American car owners gave a confidence boost to auto manufacturers, as General Motors, Ford, Chrysler and Toyota posted double digit gains in January US auto sales.

Total industry sales rose 17 percent to 819,895 vehicles in January, according to Autodata. The seasonally adjusted annualized rose to 12.62 million vehicles from 12.55 in December.

General Motors in the United States reported 178,896 total sales in January, a 23-percent increase from a year ago for the company's four brands. The gain was driven by solid retail sales which were 36 percent higher than a strong January a year ago.

January was a good month and signaled a solid start to the new year for each of our divisions, said Don Johnson, vice president, U.S. Sales Operations.  Our results were driven by gains across the board in all segments, with our newest models leading the way.

Chrysler posted U.S. sales of 70,118, a 23 percent increase compared with sales in January 2010 (57,143 units).

We have set the foundation for a year of sales growth with our 16 all-new or significantly-revamped models for 2011, said Fred Diaz, President and CEO - Ram Truck Brand and Lead Executive for U.S. Sales. We have started the year on a strong note, and we intend to continue gaining sales momentum as our new 2011 models hit dealer showrooms during this first quarter.

Ford's total sales in January (including sales to fleet customers) were 127,317, up 13 percent.  Total sales comparisons included a planned 27 percent decline in sales to daily rental companies and the discontinuation of the Mercury brand.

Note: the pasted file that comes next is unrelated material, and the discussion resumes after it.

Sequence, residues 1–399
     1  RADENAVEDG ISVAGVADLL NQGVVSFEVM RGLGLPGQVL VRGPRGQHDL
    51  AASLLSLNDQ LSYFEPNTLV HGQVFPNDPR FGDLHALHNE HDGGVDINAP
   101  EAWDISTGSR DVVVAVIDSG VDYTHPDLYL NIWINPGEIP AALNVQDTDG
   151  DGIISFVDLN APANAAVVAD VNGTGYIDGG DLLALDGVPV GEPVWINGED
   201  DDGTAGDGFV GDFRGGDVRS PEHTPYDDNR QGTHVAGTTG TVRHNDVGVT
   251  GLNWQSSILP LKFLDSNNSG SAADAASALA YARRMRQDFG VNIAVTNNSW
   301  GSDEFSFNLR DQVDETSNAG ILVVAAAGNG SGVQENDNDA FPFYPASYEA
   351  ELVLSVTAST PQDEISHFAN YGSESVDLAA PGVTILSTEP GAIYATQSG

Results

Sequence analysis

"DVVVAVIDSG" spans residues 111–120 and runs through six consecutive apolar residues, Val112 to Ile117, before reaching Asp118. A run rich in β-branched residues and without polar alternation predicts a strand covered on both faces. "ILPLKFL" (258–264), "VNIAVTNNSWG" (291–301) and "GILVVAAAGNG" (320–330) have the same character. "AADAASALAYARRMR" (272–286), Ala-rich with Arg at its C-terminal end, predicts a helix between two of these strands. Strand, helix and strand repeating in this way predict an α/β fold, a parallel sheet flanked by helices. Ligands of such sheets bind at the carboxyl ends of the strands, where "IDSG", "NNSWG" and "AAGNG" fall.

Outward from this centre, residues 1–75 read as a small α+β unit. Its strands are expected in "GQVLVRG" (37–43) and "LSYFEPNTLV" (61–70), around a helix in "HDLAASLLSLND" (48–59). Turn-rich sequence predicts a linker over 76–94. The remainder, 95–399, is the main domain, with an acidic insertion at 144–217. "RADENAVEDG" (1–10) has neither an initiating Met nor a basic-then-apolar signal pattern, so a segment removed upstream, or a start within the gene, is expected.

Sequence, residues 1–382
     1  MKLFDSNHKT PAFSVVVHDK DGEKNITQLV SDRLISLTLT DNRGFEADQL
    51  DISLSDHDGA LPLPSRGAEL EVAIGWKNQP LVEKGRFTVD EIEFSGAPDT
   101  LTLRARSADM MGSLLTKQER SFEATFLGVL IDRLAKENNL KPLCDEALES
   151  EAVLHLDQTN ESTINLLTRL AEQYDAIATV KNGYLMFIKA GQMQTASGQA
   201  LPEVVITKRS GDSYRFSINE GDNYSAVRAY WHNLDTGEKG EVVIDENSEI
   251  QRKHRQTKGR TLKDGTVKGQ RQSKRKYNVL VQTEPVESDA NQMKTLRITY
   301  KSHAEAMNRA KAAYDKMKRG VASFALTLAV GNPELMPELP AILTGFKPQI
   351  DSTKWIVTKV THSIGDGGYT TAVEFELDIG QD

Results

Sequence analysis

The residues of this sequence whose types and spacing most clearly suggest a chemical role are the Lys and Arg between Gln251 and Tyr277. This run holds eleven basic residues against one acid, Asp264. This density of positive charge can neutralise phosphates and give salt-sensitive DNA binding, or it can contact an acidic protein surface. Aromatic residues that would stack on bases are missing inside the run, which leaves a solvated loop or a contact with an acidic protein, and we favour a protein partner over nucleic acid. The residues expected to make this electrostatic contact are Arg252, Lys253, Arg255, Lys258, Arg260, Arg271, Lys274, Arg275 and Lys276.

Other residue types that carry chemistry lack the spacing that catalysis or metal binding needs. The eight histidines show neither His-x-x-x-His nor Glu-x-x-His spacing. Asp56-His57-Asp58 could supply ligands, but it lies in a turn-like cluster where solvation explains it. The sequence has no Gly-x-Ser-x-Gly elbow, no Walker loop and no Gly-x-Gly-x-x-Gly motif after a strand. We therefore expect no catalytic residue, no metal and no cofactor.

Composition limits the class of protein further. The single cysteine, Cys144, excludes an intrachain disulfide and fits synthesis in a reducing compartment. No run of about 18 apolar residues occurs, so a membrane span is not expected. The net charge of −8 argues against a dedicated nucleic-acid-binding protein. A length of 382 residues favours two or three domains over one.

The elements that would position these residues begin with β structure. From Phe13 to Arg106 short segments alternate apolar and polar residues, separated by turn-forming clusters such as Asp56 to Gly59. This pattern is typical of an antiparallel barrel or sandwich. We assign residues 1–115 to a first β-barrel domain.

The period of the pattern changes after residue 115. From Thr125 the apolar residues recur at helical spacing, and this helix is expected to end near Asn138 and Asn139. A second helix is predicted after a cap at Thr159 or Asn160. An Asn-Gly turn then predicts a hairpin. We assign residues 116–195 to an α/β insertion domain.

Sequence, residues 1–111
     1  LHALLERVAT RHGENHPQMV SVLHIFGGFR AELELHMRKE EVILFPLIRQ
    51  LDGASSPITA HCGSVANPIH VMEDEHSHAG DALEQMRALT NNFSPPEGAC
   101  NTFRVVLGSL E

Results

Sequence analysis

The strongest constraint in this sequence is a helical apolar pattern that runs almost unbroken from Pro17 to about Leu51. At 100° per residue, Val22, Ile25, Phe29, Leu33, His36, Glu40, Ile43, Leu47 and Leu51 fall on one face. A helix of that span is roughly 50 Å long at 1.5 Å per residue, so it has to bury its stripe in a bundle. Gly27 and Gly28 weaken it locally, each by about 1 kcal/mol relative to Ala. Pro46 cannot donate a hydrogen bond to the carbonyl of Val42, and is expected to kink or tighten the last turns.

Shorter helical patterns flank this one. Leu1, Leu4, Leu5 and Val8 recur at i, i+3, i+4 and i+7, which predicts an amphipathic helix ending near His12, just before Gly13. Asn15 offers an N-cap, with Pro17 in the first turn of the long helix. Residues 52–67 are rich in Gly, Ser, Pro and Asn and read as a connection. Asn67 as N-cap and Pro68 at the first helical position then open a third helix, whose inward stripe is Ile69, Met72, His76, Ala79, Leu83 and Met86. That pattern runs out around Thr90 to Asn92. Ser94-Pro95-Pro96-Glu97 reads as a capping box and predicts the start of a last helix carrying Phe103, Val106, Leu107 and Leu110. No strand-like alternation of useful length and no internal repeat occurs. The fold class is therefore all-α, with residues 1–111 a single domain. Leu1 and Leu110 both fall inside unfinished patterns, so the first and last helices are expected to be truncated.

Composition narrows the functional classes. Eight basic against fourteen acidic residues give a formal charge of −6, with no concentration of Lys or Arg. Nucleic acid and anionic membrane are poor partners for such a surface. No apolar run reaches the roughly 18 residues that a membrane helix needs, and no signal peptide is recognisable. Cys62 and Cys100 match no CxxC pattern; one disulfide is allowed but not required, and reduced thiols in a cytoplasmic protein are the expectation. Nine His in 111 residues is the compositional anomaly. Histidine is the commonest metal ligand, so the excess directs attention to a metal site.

We begin 2011 in a strong position - ready to meet the needs of a wide range of customers with a full portfolio of high-quality, fuel-efficient vehicles, said Ken Czubay, Ford vice president, U.S. Marketing, Sales and Service. We're off to a great start in 2011 with the largest January retail sales increase in more than a decade.

 Toyota , which was hit hard by a series of mass recalls that led it to briefly suspend sales and production in the United States at the end of January 2010 -- said its sales rose 17.3 percent to 115,856 vehicles from the depressed year-ago levels.

We are encouraged by last month's results, which show continued strength in both the passenger and light truck segments, said Bob Carter, Toyota Division group vice president and general manager, Toyota Motor Sales, U.S.A

Nissan Motors posted sales of 71,847 units versus 62,572 units a year earlier, an increase of 14.8 percent.

American Honda Motor Co., Inc., posted January sales of 76,269 vehicles, an increase of 13.0 percent compared to last year.